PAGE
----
clock menu more-arrow no yes

Filed under:

This massive, spiky dinosaur might have used camouflage to fool predators

New, 1 comment

(But also, it was really spiky)

If you buy something from a Verge link, Vox Media may earn a commission. See our ethics statement.

Photo: Royal Tyrrell Museum of Palaeontology / Drumheller, Canada

In 2011, a Canadian miner accidentally stumbled upon an eerily well-preserved, 18-foot-long dinosaur covered in spikes, and scientists now believe the 110-million-year-old fossil belongs to a brand-new species. The 2,800-pound dinosaur is in near-perfect 3D, from its nose to the tips of its (many) horns. Its petrified remains give scientists an unprecedented view of what this prickly dinosaur looked like, which could tell us a lot about the world it lived in.

Despite its dragon-like appearance, this dinosaur wasn’t a fearsome predator, but a well-defended, solitary vegetarian in the nodosaur family, a close cousin of the club-tailed ankylosaurids. It “was the rhinoceros of its day, a grumpy herbivore that largely kept to itself,” Michael Greshko wrote in National Geographic in May, when the fossils were first revealed to the public. In a study published this week in the journal Current Biology, the unusual beast is described in more detail.

Photo: Royal Tyrrell Museum of Palaeontology / Drumheller, Canada

Its new official name is unfortunately not Spike, but Borealopelta markmitchelli a tribute to museum technician Mark Mitchell, who spent over 7,000 hours painstakingly extracting the fossil from the surrounding stone.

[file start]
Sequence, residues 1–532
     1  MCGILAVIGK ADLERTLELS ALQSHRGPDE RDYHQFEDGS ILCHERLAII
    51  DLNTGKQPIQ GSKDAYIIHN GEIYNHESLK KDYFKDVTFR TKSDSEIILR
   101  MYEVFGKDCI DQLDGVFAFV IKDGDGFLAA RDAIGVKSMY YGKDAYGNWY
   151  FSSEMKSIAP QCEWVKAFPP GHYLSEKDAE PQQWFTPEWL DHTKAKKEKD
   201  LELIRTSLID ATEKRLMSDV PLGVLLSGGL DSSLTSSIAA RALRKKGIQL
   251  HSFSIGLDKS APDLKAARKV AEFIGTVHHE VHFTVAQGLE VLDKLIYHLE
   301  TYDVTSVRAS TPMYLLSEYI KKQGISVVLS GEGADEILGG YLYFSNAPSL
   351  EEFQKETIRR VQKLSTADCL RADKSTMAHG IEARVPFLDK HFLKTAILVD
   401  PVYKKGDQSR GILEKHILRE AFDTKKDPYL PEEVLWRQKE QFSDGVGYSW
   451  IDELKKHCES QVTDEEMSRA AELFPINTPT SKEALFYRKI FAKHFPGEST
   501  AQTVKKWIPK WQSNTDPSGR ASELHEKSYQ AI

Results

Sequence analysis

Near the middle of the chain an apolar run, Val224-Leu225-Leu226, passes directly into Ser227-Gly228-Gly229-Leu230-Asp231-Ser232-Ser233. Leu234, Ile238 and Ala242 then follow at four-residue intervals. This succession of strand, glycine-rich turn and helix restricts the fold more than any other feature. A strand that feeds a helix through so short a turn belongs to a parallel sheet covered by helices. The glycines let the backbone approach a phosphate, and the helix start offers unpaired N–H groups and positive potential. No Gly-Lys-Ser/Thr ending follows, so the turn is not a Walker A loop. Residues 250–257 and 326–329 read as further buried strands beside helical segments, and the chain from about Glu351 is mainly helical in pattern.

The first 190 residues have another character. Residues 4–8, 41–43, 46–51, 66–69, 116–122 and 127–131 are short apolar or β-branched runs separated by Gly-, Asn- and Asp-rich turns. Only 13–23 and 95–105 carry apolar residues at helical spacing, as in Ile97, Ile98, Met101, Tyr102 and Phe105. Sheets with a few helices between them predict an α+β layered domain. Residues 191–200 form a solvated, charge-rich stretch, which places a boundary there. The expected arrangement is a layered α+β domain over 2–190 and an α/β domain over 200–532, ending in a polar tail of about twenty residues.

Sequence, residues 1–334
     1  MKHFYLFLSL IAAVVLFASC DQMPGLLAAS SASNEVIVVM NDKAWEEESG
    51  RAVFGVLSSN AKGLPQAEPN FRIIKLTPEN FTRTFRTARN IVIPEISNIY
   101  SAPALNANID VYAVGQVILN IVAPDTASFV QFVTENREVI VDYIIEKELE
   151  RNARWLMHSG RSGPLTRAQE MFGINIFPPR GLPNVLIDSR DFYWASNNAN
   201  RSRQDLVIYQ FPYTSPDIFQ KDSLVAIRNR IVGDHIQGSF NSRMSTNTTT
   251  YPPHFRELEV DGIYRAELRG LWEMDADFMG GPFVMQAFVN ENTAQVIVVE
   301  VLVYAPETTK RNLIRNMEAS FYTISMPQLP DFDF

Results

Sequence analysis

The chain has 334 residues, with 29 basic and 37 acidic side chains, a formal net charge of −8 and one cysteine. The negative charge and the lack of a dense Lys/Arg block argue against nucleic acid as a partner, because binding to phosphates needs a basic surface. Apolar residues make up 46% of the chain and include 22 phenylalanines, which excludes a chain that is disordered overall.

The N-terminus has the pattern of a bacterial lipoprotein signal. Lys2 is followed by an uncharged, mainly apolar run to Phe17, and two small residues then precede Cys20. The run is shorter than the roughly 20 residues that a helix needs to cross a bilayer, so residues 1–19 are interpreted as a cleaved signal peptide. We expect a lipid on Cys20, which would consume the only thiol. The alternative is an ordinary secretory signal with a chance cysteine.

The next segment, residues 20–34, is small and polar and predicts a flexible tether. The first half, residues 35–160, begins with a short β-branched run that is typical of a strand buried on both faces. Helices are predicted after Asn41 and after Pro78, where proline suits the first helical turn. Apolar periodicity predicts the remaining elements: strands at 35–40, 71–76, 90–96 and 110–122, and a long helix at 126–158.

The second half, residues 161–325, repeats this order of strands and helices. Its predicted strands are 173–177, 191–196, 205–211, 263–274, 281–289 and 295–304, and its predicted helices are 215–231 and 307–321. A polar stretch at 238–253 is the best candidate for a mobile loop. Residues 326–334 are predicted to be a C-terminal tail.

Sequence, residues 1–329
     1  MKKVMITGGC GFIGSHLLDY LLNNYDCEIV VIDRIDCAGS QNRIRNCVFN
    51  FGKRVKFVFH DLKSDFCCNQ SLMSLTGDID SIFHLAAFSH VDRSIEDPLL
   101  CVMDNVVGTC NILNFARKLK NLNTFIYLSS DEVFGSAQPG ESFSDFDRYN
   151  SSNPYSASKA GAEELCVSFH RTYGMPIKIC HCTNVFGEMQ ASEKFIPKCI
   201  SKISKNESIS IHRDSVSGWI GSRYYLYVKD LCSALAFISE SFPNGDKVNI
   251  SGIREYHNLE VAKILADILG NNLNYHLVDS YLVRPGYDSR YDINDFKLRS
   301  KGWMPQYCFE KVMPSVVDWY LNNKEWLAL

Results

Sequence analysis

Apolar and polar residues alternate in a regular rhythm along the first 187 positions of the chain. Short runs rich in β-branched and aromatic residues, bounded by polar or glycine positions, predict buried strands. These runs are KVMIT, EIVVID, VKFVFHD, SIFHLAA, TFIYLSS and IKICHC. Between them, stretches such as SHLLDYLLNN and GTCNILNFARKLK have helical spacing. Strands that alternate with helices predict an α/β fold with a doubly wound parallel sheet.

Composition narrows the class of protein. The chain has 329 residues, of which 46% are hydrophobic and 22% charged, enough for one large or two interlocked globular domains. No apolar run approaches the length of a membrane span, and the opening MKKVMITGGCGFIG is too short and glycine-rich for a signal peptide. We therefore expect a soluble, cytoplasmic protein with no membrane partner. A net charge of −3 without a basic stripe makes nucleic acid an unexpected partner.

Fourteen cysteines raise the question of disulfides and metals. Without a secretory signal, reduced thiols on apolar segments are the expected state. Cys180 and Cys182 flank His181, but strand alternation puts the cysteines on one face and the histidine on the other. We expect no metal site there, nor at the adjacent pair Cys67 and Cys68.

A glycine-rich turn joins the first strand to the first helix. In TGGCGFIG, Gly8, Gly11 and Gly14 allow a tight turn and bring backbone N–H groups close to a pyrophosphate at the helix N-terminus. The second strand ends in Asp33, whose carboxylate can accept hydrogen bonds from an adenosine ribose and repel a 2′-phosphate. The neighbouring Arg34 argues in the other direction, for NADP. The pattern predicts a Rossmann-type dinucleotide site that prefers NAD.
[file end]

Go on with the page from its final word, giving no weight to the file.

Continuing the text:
Borealopelta was found in a Canadian mine in 2011, lying on its back in what had once been a seabed. It’s possible the dinosaur drowned and was washed out to sea. There, it was quickly encased in a kind of natural concrete that ensured its bones, scales, and even chunks of a film that might be skin would live on in near-perfect condition for roughly 110 million years.

The astounding preservation also gave researchers clues to the dinosaur’s color: reddish-brown on top, and lighter on the bottom. This kind of two-toned coloration is called counter-shading, and it’s used as a kind of camouflage to hide from predators. Not everyone agrees on the dino’s colors, however: some argue that the pigment molecules the researchers found could have been from the fossil’s environment, rather than its skin, Greshko reports.

Photo: Royal Tyrrell Museum of Palaeontology / Drumheller, Canada

But if the researchers are right, their findings could tell us more than just Borealopelta’s coat. If a creature so large and pointy really needed camouflage to fool predators, that says something about the environment it lived in. As study co-author Jakob Vinther told Greshko, that could mean the “Cretaceous is bloody scary.”